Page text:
Ch.13 - Chemical KineticsWorksheetSee all chapters
All Chapters
Ch.1 - Intro to General Chemistry
Ch.2 - Atoms & Elements
Ch.3 - Chemical Reactions
BONUS: Lab Techniques and Procedures
BONUS: Mathematical Operations and Functions
Ch.4 - Chemical Quantities & Aqueous Reactions
Ch.5 - Gases
Ch.6 - Thermochemistry
Ch.7 - Quantum Mechanics
Ch.8 - Periodic Properties of the Elements
Ch.9 - Bonding & Molecular Structure
Ch.10 - Molecular Shapes & Valence Bond Theory
Ch.11 - Liquids, Solids & Intermolecular Forces
Ch.12 - Solutions
Ch.13 - Chemical Kinetics
Ch.14 - Chemical Equilibrium
Ch.15 - Acid and Base Equilibrium
Ch.16 - Aqueous Equilibrium
Ch. 17 - Chemical Thermodynamics
Ch.18 - Electrochemistry
Ch.19 - Nuclear Chemistry
Ch.20 - Organic Chemistry
Ch.22 - Chemistry of the Nonmetals
Ch.23 - Transition Metals and Coordination Compounds

Solution: An elevated level of the enzyme alkaline phosphatase (ALP) in human serum is an indication of possible liver or bone disorder. The level of serum ALP is so low that it is very difficult to measure directly. However, ALP catalyzes a number of reactions, and its relative concentration can be determined by measuring the rate of one of these reactions under controlled conditions. One such reaction is the conversion of p-nitrophenyl phosphate (PNPP) to p-nitrophenoxide ion (PNP) and phosphate ion. Control of temperature during the test is very important; the rate of the reaction increases 1.47 times if the temperature changes from 30 °C to 37 °C. What is the activation energy for the ALP–catalyzed conversion of PNPP to PNP and phosphate?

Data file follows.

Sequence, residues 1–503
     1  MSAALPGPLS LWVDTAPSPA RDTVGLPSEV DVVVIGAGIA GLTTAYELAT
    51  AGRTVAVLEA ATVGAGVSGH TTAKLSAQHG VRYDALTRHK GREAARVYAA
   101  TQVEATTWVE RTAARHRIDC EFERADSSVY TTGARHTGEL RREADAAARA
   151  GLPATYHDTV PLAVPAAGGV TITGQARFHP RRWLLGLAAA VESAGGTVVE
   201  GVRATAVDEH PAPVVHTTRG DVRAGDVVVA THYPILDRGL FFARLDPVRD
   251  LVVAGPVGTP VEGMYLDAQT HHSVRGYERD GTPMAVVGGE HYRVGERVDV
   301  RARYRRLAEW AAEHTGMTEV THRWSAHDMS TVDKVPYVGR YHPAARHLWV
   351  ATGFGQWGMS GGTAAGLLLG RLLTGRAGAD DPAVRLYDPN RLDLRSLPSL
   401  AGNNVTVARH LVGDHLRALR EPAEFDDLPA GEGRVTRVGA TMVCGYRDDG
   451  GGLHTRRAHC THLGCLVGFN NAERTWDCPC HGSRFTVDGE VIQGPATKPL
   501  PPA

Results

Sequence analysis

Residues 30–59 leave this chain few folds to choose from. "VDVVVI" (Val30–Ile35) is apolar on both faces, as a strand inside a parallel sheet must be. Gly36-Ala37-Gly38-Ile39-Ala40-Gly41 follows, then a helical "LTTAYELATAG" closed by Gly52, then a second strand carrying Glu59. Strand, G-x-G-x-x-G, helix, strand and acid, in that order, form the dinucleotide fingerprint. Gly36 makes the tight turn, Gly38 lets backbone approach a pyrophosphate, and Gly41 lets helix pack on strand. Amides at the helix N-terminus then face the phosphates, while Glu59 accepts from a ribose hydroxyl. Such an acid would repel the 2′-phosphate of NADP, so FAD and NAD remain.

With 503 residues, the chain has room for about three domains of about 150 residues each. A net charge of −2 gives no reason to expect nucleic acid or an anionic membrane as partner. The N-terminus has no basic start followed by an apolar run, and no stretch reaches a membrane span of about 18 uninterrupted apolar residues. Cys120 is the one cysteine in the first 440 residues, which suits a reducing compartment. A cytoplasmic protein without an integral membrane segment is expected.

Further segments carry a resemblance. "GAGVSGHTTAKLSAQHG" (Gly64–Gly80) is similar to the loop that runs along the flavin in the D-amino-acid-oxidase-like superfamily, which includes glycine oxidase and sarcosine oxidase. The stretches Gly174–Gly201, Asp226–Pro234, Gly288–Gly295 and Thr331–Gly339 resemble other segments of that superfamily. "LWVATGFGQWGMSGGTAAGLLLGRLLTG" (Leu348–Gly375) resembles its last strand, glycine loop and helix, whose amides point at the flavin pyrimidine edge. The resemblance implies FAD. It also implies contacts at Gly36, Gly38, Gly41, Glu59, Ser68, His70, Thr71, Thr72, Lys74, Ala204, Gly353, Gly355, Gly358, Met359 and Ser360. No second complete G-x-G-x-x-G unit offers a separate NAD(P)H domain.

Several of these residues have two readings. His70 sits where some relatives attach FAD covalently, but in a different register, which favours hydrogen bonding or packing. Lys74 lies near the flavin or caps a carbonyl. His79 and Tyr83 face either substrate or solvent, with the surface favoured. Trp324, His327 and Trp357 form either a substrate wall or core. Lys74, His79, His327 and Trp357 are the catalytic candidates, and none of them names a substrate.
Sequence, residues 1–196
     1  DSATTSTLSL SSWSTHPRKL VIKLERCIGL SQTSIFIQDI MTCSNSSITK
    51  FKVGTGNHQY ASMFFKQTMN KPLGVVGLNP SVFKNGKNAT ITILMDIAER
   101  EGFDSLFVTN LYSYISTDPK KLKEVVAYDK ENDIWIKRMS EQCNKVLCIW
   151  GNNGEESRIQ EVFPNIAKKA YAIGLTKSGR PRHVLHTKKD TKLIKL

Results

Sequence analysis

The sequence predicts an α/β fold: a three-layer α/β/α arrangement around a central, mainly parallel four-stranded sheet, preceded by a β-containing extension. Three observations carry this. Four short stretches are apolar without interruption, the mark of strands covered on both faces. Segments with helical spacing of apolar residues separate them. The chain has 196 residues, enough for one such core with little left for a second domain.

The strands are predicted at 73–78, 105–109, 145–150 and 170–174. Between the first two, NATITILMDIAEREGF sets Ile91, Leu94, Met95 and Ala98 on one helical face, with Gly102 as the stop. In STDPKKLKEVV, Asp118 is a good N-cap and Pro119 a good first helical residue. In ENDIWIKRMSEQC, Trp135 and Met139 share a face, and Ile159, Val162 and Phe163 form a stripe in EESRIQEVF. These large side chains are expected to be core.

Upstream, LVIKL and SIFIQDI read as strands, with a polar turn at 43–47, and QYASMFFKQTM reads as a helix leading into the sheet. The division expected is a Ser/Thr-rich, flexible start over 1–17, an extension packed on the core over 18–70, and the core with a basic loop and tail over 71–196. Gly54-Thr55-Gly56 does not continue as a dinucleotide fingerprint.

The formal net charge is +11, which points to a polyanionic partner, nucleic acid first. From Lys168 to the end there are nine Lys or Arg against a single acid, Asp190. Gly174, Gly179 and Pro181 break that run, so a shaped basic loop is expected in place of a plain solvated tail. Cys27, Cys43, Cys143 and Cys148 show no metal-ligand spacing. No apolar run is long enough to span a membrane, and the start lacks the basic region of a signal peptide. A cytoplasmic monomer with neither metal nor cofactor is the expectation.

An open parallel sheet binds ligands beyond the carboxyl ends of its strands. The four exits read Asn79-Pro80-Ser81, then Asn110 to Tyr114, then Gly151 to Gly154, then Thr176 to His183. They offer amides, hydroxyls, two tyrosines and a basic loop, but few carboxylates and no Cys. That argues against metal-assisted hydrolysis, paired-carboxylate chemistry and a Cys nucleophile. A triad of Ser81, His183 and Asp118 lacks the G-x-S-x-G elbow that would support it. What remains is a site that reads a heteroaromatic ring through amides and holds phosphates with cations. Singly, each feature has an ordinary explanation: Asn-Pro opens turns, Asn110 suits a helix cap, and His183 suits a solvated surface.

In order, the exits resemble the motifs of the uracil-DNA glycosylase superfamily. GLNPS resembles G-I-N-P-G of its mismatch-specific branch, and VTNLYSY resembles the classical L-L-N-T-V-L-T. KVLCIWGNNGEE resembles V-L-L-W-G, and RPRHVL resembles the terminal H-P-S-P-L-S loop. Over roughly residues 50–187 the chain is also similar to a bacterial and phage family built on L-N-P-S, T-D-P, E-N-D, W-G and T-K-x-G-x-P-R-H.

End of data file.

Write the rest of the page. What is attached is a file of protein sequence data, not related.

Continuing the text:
Problem

An elevated level of the enzyme alkaline phosphatase (ALP) in human serum is an indication of possible liver or bone disorder. The level of serum ALP is so low that it is very difficult to measure directly. However, ALP catalyzes a number of reactions, and its relative concentration can be determined by measuring the rate of one of these reactions under controlled conditions. One such reaction is the conversion of p-nitrophenyl phosphate (PNPP) to p-nitrophenoxide ion (PNP) and phosphate ion. Control of temperature during the test is very important; the rate of the reaction increases 1.47 times if the temperature changes from 30 °C to 37 °C. What is the activation energy for the ALP–catalyzed conversion of PNPP to PNP and phosphate?